We are in unprecedented times. Highest debt, lowest bond yields, crazy P/Es, historic GDP drop (worst since 1929, or since WW2 for some). We don't yet know how inflation/deflation will play out. CPI is useless. A lot "inflation" is going into real estate / land and the stock market.

I don't think past wisdom applies anymore. If you put money into most products (including most index funds) on the stock market today you are in fact stock-picking / gambling.

Also tech companies are partially up for a good reason. Small caps have lost a lot earnings power. https://twitter.com/NorthmanTrader/status/128335311697343283... Much much more than tech stocks. E.g. tech stocks were almost the only ones doing any buybacks last quarter. Stay-at-home companies, solid/value companies, and cheap stocks is where hedgefunds seem to move to. But yes, some valuations are bonkers. EV stocks, CVNA, W, ...

Personally, I've been late to the party, and needed to learn on the fly, BUT: I now own a portion of gold and royalty and streaming companies (mining exposure with less risk of badly run mining companies. They lend money to miners in return for metal. I.e. miners don't need to worry about the price of the metal.) Mind that GLD and SLV are not fully backed by gold and silver. There is significant counter-party risk (E.g. if the bank goes bankrupt you might not receive anything). They also haven't really been audited, and JP Morgan employees have been charged for price manipulation of metals.

I reduced my bond exposure, and I will probably soon move into gov bonds exclusively. I don't want to gamble on MBSs, CLOs, corporate bonds being bailed out. (The Fed and ECB's policies skew the bond market. Ratings and yields are (increasingly) not great indicators of company health). There is little room for lower yields. Real yields (bond yield - inflation) will turn negative or are already. When rates eventually will be hiked, both stocks and bonds will fall. (See 2019 / December 2019)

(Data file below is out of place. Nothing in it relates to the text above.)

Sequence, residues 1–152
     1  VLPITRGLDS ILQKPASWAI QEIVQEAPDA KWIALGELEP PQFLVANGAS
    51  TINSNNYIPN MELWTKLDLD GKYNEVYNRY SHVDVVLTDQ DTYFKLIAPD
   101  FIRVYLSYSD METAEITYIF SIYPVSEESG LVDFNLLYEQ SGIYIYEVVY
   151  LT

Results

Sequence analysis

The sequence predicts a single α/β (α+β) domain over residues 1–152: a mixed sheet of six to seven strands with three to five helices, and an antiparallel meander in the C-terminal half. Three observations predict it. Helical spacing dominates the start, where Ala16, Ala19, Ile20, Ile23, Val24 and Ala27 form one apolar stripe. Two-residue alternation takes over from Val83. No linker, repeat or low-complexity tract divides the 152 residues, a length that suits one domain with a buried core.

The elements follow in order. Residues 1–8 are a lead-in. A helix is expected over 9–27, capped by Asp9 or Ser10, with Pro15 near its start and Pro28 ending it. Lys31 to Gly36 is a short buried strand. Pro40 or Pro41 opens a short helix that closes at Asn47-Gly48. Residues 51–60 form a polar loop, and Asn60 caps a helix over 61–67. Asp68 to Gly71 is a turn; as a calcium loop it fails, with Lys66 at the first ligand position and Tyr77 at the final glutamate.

I started stock picking. Mainly value, but really random stuff I find on Youtube investment channels and Reddit (Of course I read up on them, listen to financial calls. Balance sheet. Cash flow. Exposure to potential problems.). I sleep better at night with a cheaper stock that has less downside, even if it isn't riding the current trend/bubble.

Other than that I'd keep a good amount of cash for potential opportunities. In the current climate, stocks could fall any week, real estate will likely be on sale (depending on how many rich people will try scoop it up at the same time), or perhaps you can buy a share in a local business.

I tend to agree with this and I'm also long several gold miners, and I've swing traded some of them (one was a value buy with a long-standing issue with the Greek government that I was watching the news on for years).

It baffles me how this Bogleheads philosophy has taken tech people. People can't wrap their heads around the idea that gold goes up in times of trouble, or that work from home tech is likely to go up, or that oil is likely to go down, or whatever other myriad bets one can make.

My approach is to maintain almost all cash and to trade a small percentage of the cash on extremely volatile stocks, preparing to hold long-term if necessary. I rarely invest in fully scammy pump and dumps (but lately pharma has paid off, for obvious reasons).

I use the news cycle and try to anticipate what others are doing. You don't need to sell at the top and buy at the bottom to make money.

In contrast, I'm looking at my work 401K which is managed with those mathemetically unstoppable index funds. It's down 2 percent while I'm up 30.

Now what am I to do with the cash portion of my investment. I'm leaning in bond funds (because bond picking is something I have no idea about).

I'm up 75% this year [0] by buying companies I like and holding them 'forever'. But if someone asks me for investing advice I'll still tell them to go for index funds.

Because while I might be lucky enough to trounce the market right now, that doesn't mean I'll trust anyone to pick the right companies. It's safer to go for average returns than to risk the market trouncing you, especially with the vast majority of your wealth. And no, this etoro account is not my main investment account.

[0] https://www.etoro.com/people/neversell/stats

How long do you think you can keep up the 30% returns? How many active investors/traders do you know have had 30% returns year after year? I think it is easy to lose sight of the long term possibilities when you are thinking about the short term.